Today, there are a variety of Aikido styles that are practised by millions of students around the world. And, with a little research and practise, you'll soon find out which of these you are most suited to...
depending on your individual preferences!
The better known styles, all have a headquarters dojo in Japan with a very large international following.
The 1st generation style is Aikikai, which is associated with the family tradition of the founder aikido Master Morihei Ueshiba O'Sensei. The 2nd generation styles were founded by direct students of the founder.
A number of other styles have been developed over time, some of which have a historical lineage back to O'Sensei, and others that trace back to a wide variety of other Aiki arts.
The Aikikai has remained centered on the family of Morihei Ueshiba, and is currently headed by the founder's grandson, Moriteru Ueshiba.
The earliest 2nd generation independent styles of Aikido are...
The emergence of these Aikido styles came before the founder's death and did not cause any major upheavals, with the exception of Shodokan Aikido, which caused some controversy as it introduced a unique rule-based competition that some felt was contrary to the spirit of Aikido.
After Ueshiba's death, additional styles of Aikido emerged...
An event that caused significant controversy was the departure of the Aikikai Honbu Dojo's chief instructor Koichi Tohei, in 1974. He left as a result of a disagreement with the son of the founder, Kisshomaru Ueshiba, who at that time headed the Aikikai. The disagreement was over the proper role of ki development in regular training.
A number of additional styles of Aikido developed over time...
Shin'ei Taido is a style closely related to aikido, founded in 1956 by Noriaki Inoue, a nephew and pre-war student of Morihei Ueshiba.
Tendoryu Aikido, founded by Kenji Shimizu in 1982. Founded the "Shimizu Dojo" in 1969, renamed Tendokan in 1975.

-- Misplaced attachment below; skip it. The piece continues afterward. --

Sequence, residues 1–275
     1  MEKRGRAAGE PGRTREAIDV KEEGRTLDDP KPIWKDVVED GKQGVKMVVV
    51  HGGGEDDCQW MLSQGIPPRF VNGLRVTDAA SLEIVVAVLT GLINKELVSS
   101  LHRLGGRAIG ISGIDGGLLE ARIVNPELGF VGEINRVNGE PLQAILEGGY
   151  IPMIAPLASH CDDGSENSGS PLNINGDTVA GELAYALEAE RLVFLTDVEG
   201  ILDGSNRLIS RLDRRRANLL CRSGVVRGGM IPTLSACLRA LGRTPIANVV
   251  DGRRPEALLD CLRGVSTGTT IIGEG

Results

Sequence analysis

Kokikai Aikido International, founded in 1986 by Shuji Maruyama.
Fugakukai International Association, founded in 1982, has roots in the Shodokan style, but without the competition element.
Yoshokai, founded by Takashi Kushida in 1991.
Aikido Yuishinkai International, founded by Koretoshi Maruyama in 1996.
Keijutsukai Aikido, founded by Thomas H. Makiyama, and officially established in February 1980, in Tokyo.
The above Aikido styles can trace their lineage through senior students back to the aikido founder.
Two further well known martial arts use the name aikido but do not have this direct connection. They are Korindo Aikido founded by Minoru Hirai, and Nihon Goshin Aikido founded by Shodo Morita.
These schools, with some historical justification, suggest that the name aikido is not the exclusive domain of arts derived from Morihei Ueshiba.
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Well, as you can see from the above, it is a rather confusing affair. I think, the main problem is that Morihei Ueshiba taught many different ways of practising the art of Aikido. Right from hard brutal, effective techniques all the way through to soft flowing beautiful techniques.
The students of the founder, who developed 'their own preferences' could not keep it all together. So, it appears that the focus of training was reduced to a particular way of practising.
There is nothing wrong with this, it was very
difficult to emulate the founder as he was an enigma, a physical and
spiritual giant among men.
Which of the aikido styles you choose comes down to...
What is Your preference?
That is the way You should practise!
If you want a hard, practical, Aikido style, then... Yoshinkan, or Iwama are great. If you want a soft flowing spiritual style of Aikido, then Aikikai is for you. If you want to look more closely at energy then Ki Aikido will do it.
The main thing to remember is that there is no right or wrong, all have good and not so good aspects to their Aikido styles.
Personally, I have studied Aikido Yoshinkan for over 25 years. But I have included many of the soft flowing techniques of Aikikai with an emphasis on developing the energy movement of Ki Aikido. I have also made a detailed study of the Aiki principles, that make techniques work.
You see, I have made a study of dozens of spiritual and healing paths, before I even came to the study of Aikido. Among them are...
chi kung, yoga, meditation, chanting, shamanism, Eckankar,
Rosicrucians, acupressure, reflexology, energy and muscle balancing,
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